Stretching to the edges of the property lines, this so-called “McMansion” in Tulsa, Oklahoma, towers over other neighborhood homes. (Photo by Daniel Jeffries, Flickr Commons)

often the primary factor that makes Meridian-Kessler appealing to residents in the first place.“These remodels,” Adams said, “probably contribute to the devaluation of the environmental quality of the neighborhood.” Indianapolis, like other cities, has building codes in place that address setback, lot coverage, drainage, demolitions, and numerous other issues that builders must follow by law. If a builder or property owner’s plans differ from current code, they may petition the city for a variance, and the planners will listen to arguments for and against the variance. Petitioners are required to post large, orange yard signs indicating a public hearing will be held to evaluate the case. At the hearing, the public may speak for, or remonstrate against, the variance. “City planners have a vision, a future plan, for a neighborhood,” said Adams, “and they generally try to adhere to the rules to see that vision to reality. Variances are not all bad or ill intentioned,” Adams continued, “The important thing is that builders work within the law and request a variance before the work is done. When builders construct a home or an addition that is not allowed under the code and request a variance after the work is done, they act dishonorably. A collaborative review process, on the other hand, is beneficial to all.” According to Adams, city planning is a political process too. Politics can affect the interpretation of the code, who has final authority when parties disagree, and the amount of latitude a planning director may have. Sometimes political issues restrict the amount of control the planner has. “Ultimately, planning is a very complex legal process,” emphasized Adams, “and all stakeholders should be involved to ensure their arguments are considered during the process.” Teardowns also have a negative impact on the environment. Demolition debris, including the irreplaceable architectural features, goes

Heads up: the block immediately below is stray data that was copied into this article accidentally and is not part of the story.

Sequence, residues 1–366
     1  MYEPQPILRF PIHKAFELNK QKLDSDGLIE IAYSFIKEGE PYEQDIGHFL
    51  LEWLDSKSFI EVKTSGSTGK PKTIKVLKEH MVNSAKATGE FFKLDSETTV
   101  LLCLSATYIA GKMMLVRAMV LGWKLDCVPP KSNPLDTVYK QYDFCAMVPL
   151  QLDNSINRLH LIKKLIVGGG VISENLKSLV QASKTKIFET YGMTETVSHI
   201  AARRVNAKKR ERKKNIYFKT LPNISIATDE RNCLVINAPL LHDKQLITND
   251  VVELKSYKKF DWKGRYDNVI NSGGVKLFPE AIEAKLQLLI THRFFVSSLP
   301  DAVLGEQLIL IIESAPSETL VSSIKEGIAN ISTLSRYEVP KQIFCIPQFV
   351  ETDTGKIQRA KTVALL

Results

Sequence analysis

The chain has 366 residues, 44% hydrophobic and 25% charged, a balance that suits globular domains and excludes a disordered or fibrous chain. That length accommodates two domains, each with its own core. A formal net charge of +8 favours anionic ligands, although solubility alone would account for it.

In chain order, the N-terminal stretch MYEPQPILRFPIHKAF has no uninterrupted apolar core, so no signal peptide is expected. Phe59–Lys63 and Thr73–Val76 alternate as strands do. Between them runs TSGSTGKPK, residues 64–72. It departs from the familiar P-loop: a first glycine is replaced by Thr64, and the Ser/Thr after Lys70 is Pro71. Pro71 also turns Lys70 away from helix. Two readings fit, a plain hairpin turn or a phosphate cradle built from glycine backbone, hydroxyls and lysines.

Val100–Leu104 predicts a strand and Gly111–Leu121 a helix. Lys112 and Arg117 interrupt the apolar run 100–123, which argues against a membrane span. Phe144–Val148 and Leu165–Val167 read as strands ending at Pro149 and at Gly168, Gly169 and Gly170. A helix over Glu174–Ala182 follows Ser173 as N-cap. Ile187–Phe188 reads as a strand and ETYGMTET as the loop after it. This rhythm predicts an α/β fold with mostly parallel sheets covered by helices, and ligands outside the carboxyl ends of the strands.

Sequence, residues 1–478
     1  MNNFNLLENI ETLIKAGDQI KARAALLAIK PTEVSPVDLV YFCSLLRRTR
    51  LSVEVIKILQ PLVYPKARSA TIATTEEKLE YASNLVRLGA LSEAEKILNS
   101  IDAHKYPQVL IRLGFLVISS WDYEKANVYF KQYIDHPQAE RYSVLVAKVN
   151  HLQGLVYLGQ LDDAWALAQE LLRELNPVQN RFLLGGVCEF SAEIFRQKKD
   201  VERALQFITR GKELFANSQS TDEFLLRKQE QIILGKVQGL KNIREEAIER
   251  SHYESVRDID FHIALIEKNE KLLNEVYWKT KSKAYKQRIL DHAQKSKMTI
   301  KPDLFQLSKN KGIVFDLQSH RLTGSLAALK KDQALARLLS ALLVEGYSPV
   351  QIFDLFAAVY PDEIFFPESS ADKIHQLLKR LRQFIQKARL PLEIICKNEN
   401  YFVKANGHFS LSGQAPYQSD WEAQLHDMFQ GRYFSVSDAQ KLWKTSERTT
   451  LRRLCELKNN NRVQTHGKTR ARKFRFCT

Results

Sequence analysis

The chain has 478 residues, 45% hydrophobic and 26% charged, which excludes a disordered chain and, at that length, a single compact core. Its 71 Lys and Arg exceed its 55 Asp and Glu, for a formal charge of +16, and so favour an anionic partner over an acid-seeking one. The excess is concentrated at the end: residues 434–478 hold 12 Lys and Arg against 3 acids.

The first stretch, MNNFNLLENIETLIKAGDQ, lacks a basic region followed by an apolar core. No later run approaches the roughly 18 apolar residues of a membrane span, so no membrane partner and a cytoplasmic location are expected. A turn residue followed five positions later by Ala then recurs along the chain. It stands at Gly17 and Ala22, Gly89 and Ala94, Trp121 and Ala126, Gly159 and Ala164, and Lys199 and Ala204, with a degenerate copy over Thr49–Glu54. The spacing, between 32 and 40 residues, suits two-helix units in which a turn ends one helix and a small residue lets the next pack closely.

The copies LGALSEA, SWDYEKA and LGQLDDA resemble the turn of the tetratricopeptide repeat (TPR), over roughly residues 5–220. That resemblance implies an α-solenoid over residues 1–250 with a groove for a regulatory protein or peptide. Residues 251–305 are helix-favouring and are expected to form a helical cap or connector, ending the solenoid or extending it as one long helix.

to the landfill. Older homes often contain lead paint, asbestos, mercury, solvents and treated wood which are all hazardous to the environment and to construction workers, if not handled and disposed of properly. Then those dangerous chemicals get into our water supply. “The EPA estimates that 115 pounds of waste is generated per square foot for residential demolition….Thus, the demolition of a 2,000 square foot home results in 230,000 pounds of waste. Since approximately 245,000 homes are demolished each year, it is estimated that 19.7 million tons of waste is generated by the demolition of these homes.” Older homes also contain tremendous embodied energy—the energy that has been spent on its construction, including the energy it required to extract, process, deliver and install the materials. Thus, preserving them makes sense. Demolishing historic homes discards the embodied energy stored in the house; then more energy is used to teardown the home; and still more energy is used to build a new house. Saving older homes from demolition is actually more Green than tearing down an older home and building a LEED certified home in its place. (LEED, or Leadership in Energy & Environmental Design, is a green building certification program that recognizes best-in-class building strategies and practices.) If you include embodied energy in energy savings calculations, when a builder knocks down an older home and replaces it with a new, energy-efficient home, it takes 13 years to recoup the lost energy (provided the houses are the same size.) However, most replacement homes are two or three times bigger. Doubling the size of the home makes recouping the energy savings take 28 years.

orange is the new SOLD

It’s summer and the MK market is super hot! Also licensed in FLORIDA for your investment or vacation home! Alex Mirkin Principal Broker

Charles’ research looked at 120 inner-ring suburbs in Chicago between 2000 and 2010 that had experienced high numbers of teardowns. Her research found that once one CONTINUED on next page


PLACE+SPACE: CONTINUED from previous page